Introduction: Although use of point of care ultrasound (PoCUS) protocols for patients with undifferentiated hypotension in the Emergency Department (ED) is widespread, our previously reported SHoC-ED study showed no clear survival or length of stay benefit for patients assessed with PoCUS. In this analysis, we examine if the use of PoCUS changed fluid administration and rates of other emergency interventions between patients with different shock types. The primary comparison was between cardiogenic and non-cardiogenic shock types. Methods: A post-hoc analysis was completed on the database from an RCT of 273 patients who presented to the ED with undifferentiated hypotension (SBP <100 or shock index > 1) and who had been randomized to receive standard care with or without PoCUS in 6 centres in Canada and South Africa. PoCUS-trained physicians performed scans after initial assessment. Shock categories and diagnoses recorded at 60 minutes after ED presentation, were used to allocate patients into subcategories of shock for analysis of treatment. We analyzed actual care delivered including initial IV fluid bolus volumes (mL), rates of inotrope use and major procedures. Standard statistical tests were employed. Sample size was powered at 0.80 (α:0.05) for a moderate difference. Results: Although there were expected differences in the mean fluid bolus volume between patients with non-cardiogenic and cardiogenic shock, there was no difference in fluid bolus volume between the control and PoCUS groups (non-cardiogenic control 1878 mL (95% CI 1550 – 2206 mL) vs. non-cardiogenic PoCUS 1687 mL (1458 – 1916 mL); and cardiogenic control 768 mL (194 – 1341 mL) vs. cardiogenic PoCUS 981 mL (341 – 1620 mL). Likewise there were no differences in rates of inotrope administration, or major procedures for any of the subcategories of shock between the control group and PoCUS group patients. The most common subcategory of shock was distributive. Conclusion: Despite differences in care delivered by subcategory of shock, we did not find any significant difference in actual care delivered between patients who were examined using PoCUS and those who were not. This may help to explain the previously reported lack of outcome difference between groups.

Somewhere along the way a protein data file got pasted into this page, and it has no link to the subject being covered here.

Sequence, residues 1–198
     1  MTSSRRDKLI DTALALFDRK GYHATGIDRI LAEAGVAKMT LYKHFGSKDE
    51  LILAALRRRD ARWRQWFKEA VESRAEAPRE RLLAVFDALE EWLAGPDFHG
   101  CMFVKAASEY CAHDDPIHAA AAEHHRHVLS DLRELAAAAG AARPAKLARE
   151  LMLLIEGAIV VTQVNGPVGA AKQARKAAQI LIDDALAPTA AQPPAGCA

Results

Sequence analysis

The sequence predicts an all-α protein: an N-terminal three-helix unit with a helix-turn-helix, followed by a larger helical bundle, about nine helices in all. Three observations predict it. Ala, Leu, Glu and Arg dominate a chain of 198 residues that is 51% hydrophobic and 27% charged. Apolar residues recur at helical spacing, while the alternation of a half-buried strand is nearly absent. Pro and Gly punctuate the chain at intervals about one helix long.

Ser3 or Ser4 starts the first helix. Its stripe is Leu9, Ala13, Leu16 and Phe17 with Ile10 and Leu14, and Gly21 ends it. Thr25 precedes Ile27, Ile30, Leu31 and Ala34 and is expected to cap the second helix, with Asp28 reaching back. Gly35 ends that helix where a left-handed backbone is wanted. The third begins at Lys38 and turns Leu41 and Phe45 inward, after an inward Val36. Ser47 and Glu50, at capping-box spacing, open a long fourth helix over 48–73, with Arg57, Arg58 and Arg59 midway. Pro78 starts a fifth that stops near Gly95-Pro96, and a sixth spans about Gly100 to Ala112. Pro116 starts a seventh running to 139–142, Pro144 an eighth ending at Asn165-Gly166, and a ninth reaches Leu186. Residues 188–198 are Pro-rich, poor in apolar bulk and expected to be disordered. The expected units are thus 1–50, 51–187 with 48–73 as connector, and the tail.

Introduction: Point of care ultrasound has been reported to improve diagnosis in non-traumatic hypotensive ED patients. We compared diagnostic performance of physicians with and without PoCUS in undifferentiated hypotensive patients as part of an international prospective randomized controlled study. The primary outcome was diagnostic performance of PoCUS for cardiogenic vs. non-cardiogenic shock. Methods: SHoC-ED recruited hypotensive patients (SBP < 100 mmHg or shock index > 1) in 6 centres in Canada and South Africa. We describe previously unreported secondary outcomes relating to diagnostic accuracy. Patients were randomized to standard clinical assessment (No PoCUS) or PoCUS groups. PoCUS-trained physicians performed scans after initial assessment. Demographics, clinical details and findings were collected prospectively. Initial and secondary diagnoses including shock category were recorded at 0 and 60 minutes. Final diagnosis was determined by independent blinded chart review. Standard statistical tests were employed. Sample size was powered at 0.80 (α:0.05) for a moderate difference. Results: 273 patients were enrolled with follow-up for primary outcome completed for 270. Baseline demographics and perceived category of shock were similar between groups. 11% of patients were determined to have cardiogenic shock. PoCUS had a sensitivity of 80.0% (95% CI 54.8 to 93.0%), specificity 95.5% (90.0 to 98.1%), LR+ve 17.9 (7.34 to 43.8), LR-ve 0.21 (0.08 to 0.58), Diagnostic OR 85.6 (18.2 to 403.6) and accuracy 93.7% (88.0 to 97.2%) for cardiogenic shock. Standard assessment without PoCUS had a sensitivity of 91.7% (64.6 to 98.5%), specificity 93.8% (87.8 to 97.0%), LR+ve 14.8 (7.1 to 30.9), LR- of 0.09 (0.01 to 0.58), Diagnostic OR 166.6 (18.7 to 1481) and accuracy of 93.6% (87.8 to 97.2%). There was no significant difference in sensitivity (-11.7% (-37.8 to 18.3%)) or specificity (1.73% (-4.67 to 8.29%)). Diagnostic performance was also similar between other shock subcategories. Conclusion: As reported in other studies, PoCUS based assessment performed well diagnostically in undifferentiated hypotensive patients, especially as a rule-in test. However performance was similar to standard (non-PoCUS) assessment, which was excellent in this study.